The article outlines the process of checking system RAM on Ubuntu Linux, which can be advantageous while specifying system requirements. Various tools can be used for this task from the System Settings panel or through terminal commands such as ‘free’, ‘watch’, ‘top’, and ‘dmidecode’. These tools not only reveal RAM size and usage but also type and speed.
This article describes the steps to check the system RAM on Ubuntu Linux.
Knowing the RAM installed on your computer with Ubuntu Linux may be useful when drawing up requirement specs. In addition, Ubuntu Linux has many tools that users can use to check available RAM on a machine.
Below, we’ll go through some of the tools you can use. There are some pros and cons to all of them. However, all should work similarly, except few may provide additional information than others.
With the steps below, you will be able to check the system RAM and gather the following information:
- RAM size
- Free RAM
- Type and speed of RAM
Check RAM size and speed on Ubuntu Linux
As stated above, knowing the RAM installed on your computer with Ubuntu Linux may come in handy when drawing up requirement specs.
Below are some of the tools to use to check the system RAM on Ubuntu Linux.
Ubuntu Linux has a centralized location for the majority of its settings. From system configurations to creating new users and updating, all can be done from the System Settings panel.
To get to System Settings, open the Activities overview and start typing Settings.
Alternatively, click on the System menu at the top-right corner of the top bar on your desktop.
On the System menu, select Settings, as highlighted below.
In the Settings app, scroll down the menu items on the left and click on the About tile.
On the System Settings -> About settings panel, locate the Memory line and see the memory installed on the System.
Check system memory using the command line
On Ubuntu Linux, users can use the terminal to view details of the system RAM. In addition, commands such as free, watch, top, and dmidecode can display more information.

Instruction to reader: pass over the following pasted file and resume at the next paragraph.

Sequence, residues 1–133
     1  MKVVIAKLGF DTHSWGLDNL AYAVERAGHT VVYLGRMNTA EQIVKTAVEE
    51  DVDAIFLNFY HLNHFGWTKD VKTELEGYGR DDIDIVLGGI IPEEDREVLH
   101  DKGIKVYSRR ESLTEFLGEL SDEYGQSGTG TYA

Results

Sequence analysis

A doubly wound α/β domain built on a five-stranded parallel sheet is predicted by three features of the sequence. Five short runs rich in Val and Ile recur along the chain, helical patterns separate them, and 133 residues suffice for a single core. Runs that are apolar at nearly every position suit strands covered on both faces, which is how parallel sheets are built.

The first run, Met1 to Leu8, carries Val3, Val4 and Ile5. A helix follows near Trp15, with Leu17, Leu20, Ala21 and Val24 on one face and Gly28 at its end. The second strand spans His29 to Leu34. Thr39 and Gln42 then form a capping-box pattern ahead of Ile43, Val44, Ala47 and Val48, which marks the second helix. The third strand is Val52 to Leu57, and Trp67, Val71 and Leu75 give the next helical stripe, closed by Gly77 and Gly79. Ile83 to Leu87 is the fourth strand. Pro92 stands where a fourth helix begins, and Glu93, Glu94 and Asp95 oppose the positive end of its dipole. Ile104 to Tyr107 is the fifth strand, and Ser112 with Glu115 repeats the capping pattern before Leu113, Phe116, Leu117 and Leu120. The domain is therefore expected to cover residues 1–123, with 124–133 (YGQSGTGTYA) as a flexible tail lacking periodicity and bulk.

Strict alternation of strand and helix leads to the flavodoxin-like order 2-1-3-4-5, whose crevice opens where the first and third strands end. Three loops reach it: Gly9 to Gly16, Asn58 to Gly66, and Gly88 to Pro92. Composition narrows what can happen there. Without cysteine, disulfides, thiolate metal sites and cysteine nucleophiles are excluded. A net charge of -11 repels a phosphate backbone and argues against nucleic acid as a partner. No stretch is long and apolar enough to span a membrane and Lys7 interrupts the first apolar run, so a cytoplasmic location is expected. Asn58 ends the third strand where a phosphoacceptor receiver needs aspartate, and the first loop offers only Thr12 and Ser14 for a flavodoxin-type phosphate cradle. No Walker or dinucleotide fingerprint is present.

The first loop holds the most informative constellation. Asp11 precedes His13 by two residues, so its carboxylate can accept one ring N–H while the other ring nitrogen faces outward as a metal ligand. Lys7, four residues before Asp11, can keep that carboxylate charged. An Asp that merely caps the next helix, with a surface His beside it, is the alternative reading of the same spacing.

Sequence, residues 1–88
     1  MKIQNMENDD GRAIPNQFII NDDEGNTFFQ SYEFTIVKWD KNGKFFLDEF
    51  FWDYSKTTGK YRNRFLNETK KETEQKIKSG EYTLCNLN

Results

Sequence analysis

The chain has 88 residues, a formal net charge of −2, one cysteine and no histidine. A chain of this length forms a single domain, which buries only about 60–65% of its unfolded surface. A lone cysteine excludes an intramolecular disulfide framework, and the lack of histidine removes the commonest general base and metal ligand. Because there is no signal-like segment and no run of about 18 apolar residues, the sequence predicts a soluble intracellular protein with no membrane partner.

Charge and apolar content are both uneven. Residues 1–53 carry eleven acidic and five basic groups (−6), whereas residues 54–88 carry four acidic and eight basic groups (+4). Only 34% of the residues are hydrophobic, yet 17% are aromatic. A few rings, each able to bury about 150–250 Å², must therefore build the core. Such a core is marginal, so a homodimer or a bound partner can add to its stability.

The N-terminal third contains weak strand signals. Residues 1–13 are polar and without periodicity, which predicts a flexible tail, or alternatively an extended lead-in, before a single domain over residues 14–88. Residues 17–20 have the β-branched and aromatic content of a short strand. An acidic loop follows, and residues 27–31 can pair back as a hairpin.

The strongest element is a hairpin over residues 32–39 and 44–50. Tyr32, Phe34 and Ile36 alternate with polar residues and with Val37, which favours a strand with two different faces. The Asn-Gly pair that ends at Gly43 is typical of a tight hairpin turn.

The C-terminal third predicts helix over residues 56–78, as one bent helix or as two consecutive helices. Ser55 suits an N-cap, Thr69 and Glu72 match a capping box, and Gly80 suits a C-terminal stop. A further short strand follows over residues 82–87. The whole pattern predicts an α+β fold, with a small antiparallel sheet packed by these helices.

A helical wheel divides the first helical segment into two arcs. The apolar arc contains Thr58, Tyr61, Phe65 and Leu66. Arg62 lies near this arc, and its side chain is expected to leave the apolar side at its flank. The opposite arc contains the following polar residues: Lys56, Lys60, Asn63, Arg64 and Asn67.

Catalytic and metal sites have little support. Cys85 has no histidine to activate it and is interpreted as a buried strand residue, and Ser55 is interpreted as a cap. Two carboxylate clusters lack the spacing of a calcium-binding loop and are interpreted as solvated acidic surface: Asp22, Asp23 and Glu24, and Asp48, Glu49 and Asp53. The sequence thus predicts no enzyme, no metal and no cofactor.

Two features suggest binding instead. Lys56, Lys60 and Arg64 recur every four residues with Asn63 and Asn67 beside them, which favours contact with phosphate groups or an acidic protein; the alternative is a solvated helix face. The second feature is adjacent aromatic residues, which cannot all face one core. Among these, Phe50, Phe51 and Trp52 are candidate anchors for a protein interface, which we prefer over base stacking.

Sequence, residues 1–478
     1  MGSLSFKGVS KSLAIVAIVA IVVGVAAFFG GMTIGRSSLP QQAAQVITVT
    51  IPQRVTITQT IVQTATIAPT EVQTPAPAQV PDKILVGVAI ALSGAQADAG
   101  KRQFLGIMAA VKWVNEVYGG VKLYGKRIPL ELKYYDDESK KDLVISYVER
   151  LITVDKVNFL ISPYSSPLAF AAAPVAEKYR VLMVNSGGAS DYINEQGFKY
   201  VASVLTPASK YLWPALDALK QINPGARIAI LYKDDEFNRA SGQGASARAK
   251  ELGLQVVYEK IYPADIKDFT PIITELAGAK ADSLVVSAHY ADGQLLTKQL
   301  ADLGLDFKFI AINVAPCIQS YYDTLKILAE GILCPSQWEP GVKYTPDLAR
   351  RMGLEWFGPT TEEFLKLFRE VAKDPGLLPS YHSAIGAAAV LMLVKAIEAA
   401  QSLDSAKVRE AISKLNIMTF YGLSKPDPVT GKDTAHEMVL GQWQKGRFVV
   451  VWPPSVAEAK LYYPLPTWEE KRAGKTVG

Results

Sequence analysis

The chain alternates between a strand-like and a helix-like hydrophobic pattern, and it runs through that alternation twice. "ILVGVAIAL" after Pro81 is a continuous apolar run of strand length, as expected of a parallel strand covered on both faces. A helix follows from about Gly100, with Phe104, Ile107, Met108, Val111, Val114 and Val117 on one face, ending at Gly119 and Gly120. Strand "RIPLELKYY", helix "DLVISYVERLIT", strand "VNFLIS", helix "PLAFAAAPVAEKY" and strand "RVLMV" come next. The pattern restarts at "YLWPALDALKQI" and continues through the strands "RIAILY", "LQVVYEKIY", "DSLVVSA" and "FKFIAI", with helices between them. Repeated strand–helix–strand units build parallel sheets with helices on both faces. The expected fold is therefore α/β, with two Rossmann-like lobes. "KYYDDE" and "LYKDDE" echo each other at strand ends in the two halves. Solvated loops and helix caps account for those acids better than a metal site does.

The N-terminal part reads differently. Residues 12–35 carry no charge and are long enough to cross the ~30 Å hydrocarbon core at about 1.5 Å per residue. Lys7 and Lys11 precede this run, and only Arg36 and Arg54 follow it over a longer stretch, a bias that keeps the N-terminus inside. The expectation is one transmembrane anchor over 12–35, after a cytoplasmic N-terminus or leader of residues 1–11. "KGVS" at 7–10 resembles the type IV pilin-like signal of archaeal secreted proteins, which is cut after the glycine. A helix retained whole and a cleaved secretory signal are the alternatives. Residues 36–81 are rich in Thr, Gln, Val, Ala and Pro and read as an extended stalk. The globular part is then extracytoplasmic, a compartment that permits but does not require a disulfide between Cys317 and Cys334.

You can use the free command with the -h command option to display the amount of free and used memory (RAM) in the System.
The commands should output similar lines as below:
total used free shared buff/cache available Mem: 1.9Gi 1.4Gi 113Mi 20Mi 440Mi 383Mi Swap: 2.1Gi 109Mi 2.0Gi
Using the watch with the free command gives you live RAM information that refreshes every 2 seconds.
Another useful command to display stem RAM is the top command.
By default, the top command output is sorted by CPU consumption. However, you can press Shift+M to sort it by memory.
For more details, RAM information, including RAM types and slots used, use the commands below.
sudo dmidecode --type memory
The command should output similar lines to the one below.
# dmidecode 3.4 Getting SMBIOS data from sysfs. SMBIOS 2.7 present. Handle 0x0096, DMI type 16, 23 bytes Physical Memory Array Location: System Board Or Motherboard Use: System Memory Error Correction Type: None Maximum Capacity: 3 GB Error Information Handle: Not Provided Number Of Devices: 64 Handle 0x0097, DMI type 17, 40 bytes Memory Device Array Handle: 0x0096 Error Information Handle: No Error Total Width: 64 bits Data Width: 64 bits Size: 2 GB Form Factor: DIMM Set: None Locator: RAM slot #0 Bank Locator: RAM slot #0 Type: DRAM Type Detail: Synchronous Speed: Unknown Manufacturer: VMware Virtual RAM Serial Number: 00000001 Asset Tag: Not Specified Part Number: VMW-2048MB Rank: Unknown Configured Memory Speed: 4800 MT/s Minimum Voltage: 1.2 V Maximum Voltage: 1.2 V
That should do it!
This post showed you how to check and display RAM details on Ubuntu Linux. Please use the comment form below if you find any errors above or have something to add.